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SLC residents, businesses see negative effects from new homeless center

Posted at 5:22 PM, Oct 28, 2019
and last updated 2019-10-28 19:23:41-04

SALT LAKE CITY — The Gail Miller Homeless Resource Center opened in the middle of September, and a nearby business owner says she has already seen a 30 percent drop in customers.

Michelle Goldberg owns Diggity Dog right across from the homeless center on Paramount Ave, just off 300 West.

For over four years, she’s overseen the boarding and daycare facility for dogs.

“There has been a lot of drug activity,” Goldberg says of her new neighbors.

When 140 men and 60 women moved in, she says, so did the problems.

“[I would] literally walk across the street and [say], “Don’t talk, just leave my customers alone,” Goldberg said.

Goldberg said her customers were being harassed by panhandlers. A window was broken in the first week. Someone tried to climb her fence. People even performed sexual acts behind the dumpster. Employees quit because they didn’t feel safe.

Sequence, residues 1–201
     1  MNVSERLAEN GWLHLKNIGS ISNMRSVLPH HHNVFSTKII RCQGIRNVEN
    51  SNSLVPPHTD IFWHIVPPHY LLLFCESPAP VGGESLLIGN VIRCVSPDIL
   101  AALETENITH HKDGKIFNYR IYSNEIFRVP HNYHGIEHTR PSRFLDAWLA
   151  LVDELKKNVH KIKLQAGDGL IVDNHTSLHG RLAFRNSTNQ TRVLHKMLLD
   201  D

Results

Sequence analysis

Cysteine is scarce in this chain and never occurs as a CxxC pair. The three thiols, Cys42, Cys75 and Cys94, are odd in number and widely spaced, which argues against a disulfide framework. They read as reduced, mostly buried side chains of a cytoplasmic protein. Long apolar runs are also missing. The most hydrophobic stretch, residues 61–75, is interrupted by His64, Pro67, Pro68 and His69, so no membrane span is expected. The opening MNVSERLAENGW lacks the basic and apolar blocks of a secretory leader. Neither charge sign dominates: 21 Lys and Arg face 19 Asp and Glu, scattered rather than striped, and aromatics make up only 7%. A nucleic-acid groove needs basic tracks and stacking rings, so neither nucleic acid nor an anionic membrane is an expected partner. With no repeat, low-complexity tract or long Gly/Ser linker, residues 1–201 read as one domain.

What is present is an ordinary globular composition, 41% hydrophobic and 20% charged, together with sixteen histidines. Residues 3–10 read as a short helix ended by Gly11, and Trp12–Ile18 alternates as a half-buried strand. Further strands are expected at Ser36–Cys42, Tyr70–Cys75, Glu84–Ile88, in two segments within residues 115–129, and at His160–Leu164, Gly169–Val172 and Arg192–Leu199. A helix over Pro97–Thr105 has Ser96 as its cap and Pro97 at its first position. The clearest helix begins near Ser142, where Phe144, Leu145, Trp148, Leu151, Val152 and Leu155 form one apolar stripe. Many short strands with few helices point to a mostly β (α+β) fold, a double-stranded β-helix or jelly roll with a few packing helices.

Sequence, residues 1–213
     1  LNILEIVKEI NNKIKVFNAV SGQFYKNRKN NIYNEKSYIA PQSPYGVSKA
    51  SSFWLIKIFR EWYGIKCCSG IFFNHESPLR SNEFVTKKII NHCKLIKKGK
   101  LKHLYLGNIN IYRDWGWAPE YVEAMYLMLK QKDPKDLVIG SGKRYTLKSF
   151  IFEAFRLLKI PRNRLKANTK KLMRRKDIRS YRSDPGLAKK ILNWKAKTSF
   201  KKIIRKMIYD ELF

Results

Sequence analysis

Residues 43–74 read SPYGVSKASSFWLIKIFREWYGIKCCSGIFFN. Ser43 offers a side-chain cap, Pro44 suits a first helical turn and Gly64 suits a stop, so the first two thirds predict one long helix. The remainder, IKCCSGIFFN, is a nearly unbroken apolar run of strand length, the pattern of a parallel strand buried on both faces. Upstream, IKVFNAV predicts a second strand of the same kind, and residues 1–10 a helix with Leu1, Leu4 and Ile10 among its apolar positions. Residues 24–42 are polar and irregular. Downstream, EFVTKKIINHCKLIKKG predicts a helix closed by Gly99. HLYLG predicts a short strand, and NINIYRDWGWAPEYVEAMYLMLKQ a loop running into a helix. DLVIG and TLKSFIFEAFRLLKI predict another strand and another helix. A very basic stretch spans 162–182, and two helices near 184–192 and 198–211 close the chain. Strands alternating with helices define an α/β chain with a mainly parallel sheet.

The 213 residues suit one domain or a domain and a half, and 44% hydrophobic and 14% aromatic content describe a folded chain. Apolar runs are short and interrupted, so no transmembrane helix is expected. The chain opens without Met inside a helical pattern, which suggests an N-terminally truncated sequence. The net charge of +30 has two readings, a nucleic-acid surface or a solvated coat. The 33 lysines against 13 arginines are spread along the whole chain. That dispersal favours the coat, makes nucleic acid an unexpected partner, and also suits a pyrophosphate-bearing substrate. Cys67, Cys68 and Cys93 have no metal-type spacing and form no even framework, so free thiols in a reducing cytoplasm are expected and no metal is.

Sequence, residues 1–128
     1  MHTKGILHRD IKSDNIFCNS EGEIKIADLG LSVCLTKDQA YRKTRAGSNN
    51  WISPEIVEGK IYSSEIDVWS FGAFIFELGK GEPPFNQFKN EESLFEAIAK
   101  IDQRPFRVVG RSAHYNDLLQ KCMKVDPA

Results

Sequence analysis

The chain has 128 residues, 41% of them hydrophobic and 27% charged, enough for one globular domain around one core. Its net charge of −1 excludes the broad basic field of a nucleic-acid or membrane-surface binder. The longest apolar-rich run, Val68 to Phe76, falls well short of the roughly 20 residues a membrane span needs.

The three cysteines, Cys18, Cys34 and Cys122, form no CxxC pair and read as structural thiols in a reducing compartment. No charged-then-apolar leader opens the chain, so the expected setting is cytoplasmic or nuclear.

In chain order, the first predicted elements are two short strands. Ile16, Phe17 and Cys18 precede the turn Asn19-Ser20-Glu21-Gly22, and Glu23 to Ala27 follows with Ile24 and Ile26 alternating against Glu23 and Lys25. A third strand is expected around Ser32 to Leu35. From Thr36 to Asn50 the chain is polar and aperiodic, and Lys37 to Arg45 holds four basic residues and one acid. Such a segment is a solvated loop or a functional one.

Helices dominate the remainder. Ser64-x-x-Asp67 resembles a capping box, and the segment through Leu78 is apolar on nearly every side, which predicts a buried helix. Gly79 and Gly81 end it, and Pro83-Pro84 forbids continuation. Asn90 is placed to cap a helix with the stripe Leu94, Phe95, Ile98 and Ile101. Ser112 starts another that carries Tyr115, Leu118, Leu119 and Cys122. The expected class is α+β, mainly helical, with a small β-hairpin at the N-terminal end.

“At one point, I was so short-staffed… I actually told my customers I had to close the business,” Goldberg said.

“Three or four days a week there's either a cop or ambulance presence here in this parking lot,” said Logan Whittmore, who lives down the street.

“I have a 6-year-old and the biggest thing I worry about is drugs and potentially needles being on the sidewalk. We stay in our yard and make sure we are safe,” Whittmore said.

Problems are to be expected, according to the Shelter The Homeless Executive Director Preston Cochrane.

“I’d say it’s a new normal. Obviously anytime you build something new, a new facility, there are to be growing pains with that,” Cochrane said.

Cochrane said Shelter the Homeless is working to help to alleviate the problems. Goldberg argues the only support she gets is from law enforcement.

“I feel really left out, flying in the wind by myself,” Goldberg said.

The open house for the men's shelter on 3380 South 1000 West in South Salt Lake is November 5.